I’ve been through more interviews than I care to count–all across the spectrum. I’ve done professional day-long interviews which entailed me teaching a class and meeting with everyone in the department; I’ve done informal interviews where I was not expected to dress up because the jobs were not ones that required any kind of business attire. I’ve also been the interviewer now which has given me a perspective broad enough to say that if you follow the tips below you will be a stellar interviewee, a breath of fresh air to potential employers, and highly marketable.
1. Dress To Impress.
It’s definitely shallow to judge people based on their appearance, but that doesn’t mean that it doesn’t happen. Furthermore, an interview is a time when your interview is assessing not just whether you can do the job (if they asked you for an interview, they feel like you can do the job already), but whether you present yourself well and whether you will fit in with the company. So do yourself a favor, cut out some of the guesswork for the interviewer, and put your best face forward. You don’t have to wear make-up or heels, but make sure your clothes are clean and un-rumpled and that you’re well-groomed. If you look like you don’t take the interview seriously you can be certain they interviewer won’t take you seriously in return. About.com has a lot of helpful information about what is considered interview-appropriate attire for different types of positions.
2. Prepare And Prepare Again.
Research the company, the position, and the employees. Have questions prepared in advance so you’re not sitting in awkward silence with your gears spinning while the interviewer waits for you to come up with questions. Also think of questions the interviewer may ask you and prepare answers for those. Some common interview questions are as follows:
Why do you want this job?
What makes you want to work for this company?
Why do you have gaps in your employment history?
What is your experience related to this position?
How can you make up for any lack of work experience you may have?
Explain a difficult project you worked on as if you’re explaining it to someone with no experience in it.
Explain the skills listed on your resume in greater detail.
3. Arrive Early, Not On Time.
You looked on Google Maps and know exactly where the place is, except, oops, there’s construction and a detour and a traffic jam and now you’re 10 minutes late. So much time and effort goes into getting folks as far as an on-site interview and normally many people at a company will need to make some time to speak with you. It’s better to wait in the lobby for 30 minutes before your interview than arrive 5 minutes late. That way everyone will know you value their time, you look professional and prepared, and your interviewer will be really happy with you!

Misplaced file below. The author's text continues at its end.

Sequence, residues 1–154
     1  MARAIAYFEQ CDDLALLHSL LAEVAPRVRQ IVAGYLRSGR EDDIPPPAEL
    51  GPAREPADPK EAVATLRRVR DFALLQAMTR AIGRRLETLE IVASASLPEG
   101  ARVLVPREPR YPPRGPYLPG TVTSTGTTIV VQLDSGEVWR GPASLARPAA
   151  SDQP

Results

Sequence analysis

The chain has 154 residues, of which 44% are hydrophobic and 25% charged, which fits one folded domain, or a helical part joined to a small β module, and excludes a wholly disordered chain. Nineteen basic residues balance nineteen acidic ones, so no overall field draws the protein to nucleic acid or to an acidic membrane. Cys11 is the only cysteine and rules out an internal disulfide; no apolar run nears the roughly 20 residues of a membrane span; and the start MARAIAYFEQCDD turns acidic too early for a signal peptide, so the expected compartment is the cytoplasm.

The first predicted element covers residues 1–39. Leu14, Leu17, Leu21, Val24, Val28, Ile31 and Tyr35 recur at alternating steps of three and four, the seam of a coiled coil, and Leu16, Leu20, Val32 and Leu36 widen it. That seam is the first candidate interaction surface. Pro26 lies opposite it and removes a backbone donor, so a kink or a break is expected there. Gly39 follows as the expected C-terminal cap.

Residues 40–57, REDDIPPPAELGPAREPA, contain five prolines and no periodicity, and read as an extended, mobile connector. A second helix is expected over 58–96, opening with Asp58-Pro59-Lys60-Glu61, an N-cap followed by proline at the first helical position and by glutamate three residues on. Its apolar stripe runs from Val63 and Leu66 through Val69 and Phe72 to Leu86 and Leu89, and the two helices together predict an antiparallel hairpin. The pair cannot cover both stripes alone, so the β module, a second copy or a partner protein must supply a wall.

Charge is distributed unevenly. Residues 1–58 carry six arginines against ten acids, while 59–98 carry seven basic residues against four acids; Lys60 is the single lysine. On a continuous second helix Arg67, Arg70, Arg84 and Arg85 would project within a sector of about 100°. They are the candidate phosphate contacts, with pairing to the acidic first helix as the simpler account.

4. Let Your Personality, Not Your Flare, Shine.
You’re a super cool person with awesome interests. We know this, but you don’t need to demonstrate that through your accessories. Yes, it’s great to look stylish and have a nice, fashionable interview outfit, great shoes, and hip glasses! No, it’s not a good idea to walk in with a portfolio covered in stickers or have your piercings on display, other than on the ears. The reason for this is that you don’t really know what kind of person your interviewer is or even other folks at the company who have a hand in the hiring decision. Wait to bust out your flare until you have the job and rely on your sparkling personality and professional demeanor to get you there. You can be the office Trekkie once you get hired, but feel the place out first!
5. Keep It Above Board, Always.
It’s great to be in an interview where the interviewer puts you at ease with humor and friendly conversation. That means you can relax a little, but be careful! You never want to veer into unprofessional territory. Don’t swear even if your interviewer does (which should probably set off some alarms anyway), don’t insult your previous employers, and avoid any controversial issues unless explicitly required for the job (i.e. if you’re interviewing to work for a political campaign or a religious group). You can still be you without any of that stuff (at least, to an extent) and avoid offending anyone or burning any bridges.
Peaceful dumplings who have been through the interview process from either side, what are your favorite tips for a successful interview? Do you have any horror stories? Let us know in the comments!
Also see: Should You Learn to Speak Up At Work?
Also by Samantha: Easy Homemade Fridge Pickles